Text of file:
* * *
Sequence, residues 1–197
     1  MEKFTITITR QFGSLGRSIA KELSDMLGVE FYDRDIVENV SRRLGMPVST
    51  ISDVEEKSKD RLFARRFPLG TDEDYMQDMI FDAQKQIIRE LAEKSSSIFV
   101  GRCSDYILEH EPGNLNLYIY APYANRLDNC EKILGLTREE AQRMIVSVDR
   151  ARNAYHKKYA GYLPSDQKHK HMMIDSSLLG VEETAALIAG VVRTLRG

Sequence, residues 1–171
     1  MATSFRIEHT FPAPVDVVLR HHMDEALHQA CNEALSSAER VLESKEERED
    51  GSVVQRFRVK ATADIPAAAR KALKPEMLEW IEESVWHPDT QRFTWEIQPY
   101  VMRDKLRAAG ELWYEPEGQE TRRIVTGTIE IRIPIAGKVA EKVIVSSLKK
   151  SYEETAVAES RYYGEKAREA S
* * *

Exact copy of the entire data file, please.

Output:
Sequence, residues 1–197
     1  MEKFTITITR QFGSLGRSIA KELSDMLGVE FYDRDIVENV SRRLGMPVST
    51  ISDVEEKSKD RLFARRFPLG TDEDYMQDMI FDAQKQIIRE LAEKSSSIFV
   101  GRCSDYILEH EPGNLNLYIY APYANRLDNC EKILGLTREE AQRMIVSVDR
   151  ARNAYHKKYA GYLPSDQKHK HMMIDSSLLG VEETAALIAG VVRTLRG

Sequence, residues 1–171
     1  MATSFRIEHT FPAPVDVVLR HHMDEALHQA CNEALSSAER VLESKEERED
    51  GSVVQRFRVK ATADIPAAAR KALKPEMLEW IEESVWHPDT QRFTWEIQPY
   101  VMRDKLRAAG ELWYEPEGQE TRRIVTGTIE IRIPIAGKVA EKVIVSSLKK
   151  SYEETAVAES RYYGEKAREA S